Social media makes ISIS more credible, bigger threat

Last Tuesday, Kayla Mueller, the last known American hostage of ISIS, was killed. ISIS claimed that she was killed by a collapsing building after a Jordanian air strike. Coincidentally, ISIS also claims that no militants within its ranks were killed.

ISIS has little interest in fighting America. It is more focused on physical battles with Bashar al Assad and other figures in the Middle East who ISIS considers apostates for not adhering to its particular set of views.

However, ISIS does need support in the hearts and minds of people in its region. It is extremely difficult to change the religious structure of a region while burdened by the unpopularity that comes with conquering land, displacing thousands of people, and miscellaneous atrocities. The easiest way for a group to regain popularity is to define itself in opposition to an even less popular group. In this case, ISIS has identified the United States government as its target.

This is where the story of Mueller becomes troubling. ISIS’s account of her death is hard to believe. They claimed she was the sole occupant of a three-story weapons warehouse. ISIS is not stupid; they almost certainly would not allow a hostage into a weapons warehouse unsupervised.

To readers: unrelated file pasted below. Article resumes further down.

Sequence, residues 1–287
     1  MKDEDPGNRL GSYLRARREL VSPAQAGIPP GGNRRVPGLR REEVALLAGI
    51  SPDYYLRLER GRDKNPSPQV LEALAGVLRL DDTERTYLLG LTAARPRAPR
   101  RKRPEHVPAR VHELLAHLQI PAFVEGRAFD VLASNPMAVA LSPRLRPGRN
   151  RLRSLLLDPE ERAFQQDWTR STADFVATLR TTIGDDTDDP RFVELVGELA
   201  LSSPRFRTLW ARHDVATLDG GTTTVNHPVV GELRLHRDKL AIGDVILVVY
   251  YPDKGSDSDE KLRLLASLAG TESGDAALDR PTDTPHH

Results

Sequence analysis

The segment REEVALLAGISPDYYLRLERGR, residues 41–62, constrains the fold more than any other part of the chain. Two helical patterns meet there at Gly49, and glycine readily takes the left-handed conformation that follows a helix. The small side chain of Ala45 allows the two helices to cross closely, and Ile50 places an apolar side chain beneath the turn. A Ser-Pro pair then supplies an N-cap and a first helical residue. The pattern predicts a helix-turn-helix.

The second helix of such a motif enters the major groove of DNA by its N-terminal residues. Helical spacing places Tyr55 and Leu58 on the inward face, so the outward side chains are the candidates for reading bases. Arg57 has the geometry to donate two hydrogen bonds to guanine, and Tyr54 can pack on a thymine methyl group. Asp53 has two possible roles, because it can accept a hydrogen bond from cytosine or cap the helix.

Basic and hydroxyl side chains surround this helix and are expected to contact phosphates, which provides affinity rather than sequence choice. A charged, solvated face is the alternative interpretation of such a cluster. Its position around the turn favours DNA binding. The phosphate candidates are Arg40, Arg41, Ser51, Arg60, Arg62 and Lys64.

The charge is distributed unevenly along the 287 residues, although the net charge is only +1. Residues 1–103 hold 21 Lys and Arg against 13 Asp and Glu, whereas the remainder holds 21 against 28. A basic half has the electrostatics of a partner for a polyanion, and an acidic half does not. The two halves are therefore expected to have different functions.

However, much of the discourse surrounding this story seems to implicate Jordan, not ISIS, in the death of Mueller. ISIS has crafted a media image for itself so powerful that it controls its own narrative. This should not be possible for one of the world’s most hated political entities.

Much of this stems from ISIS posting unedited video of their brutal exploits, including vicious executions. These gave ISIS’s internet persona an air of honesty. This extends into ISIS’s interactions with Mueller, as the publicly-released parts of its correspondence with her family were disarmingly cordial. ISIS claimed its members treated Mueller as a guest rather than a hostage.

Still, it is dangerous to give much weight to a single organization’s claims. ISIS needs to withstand a much more critical lens than they are currently being subjected to by American and international media.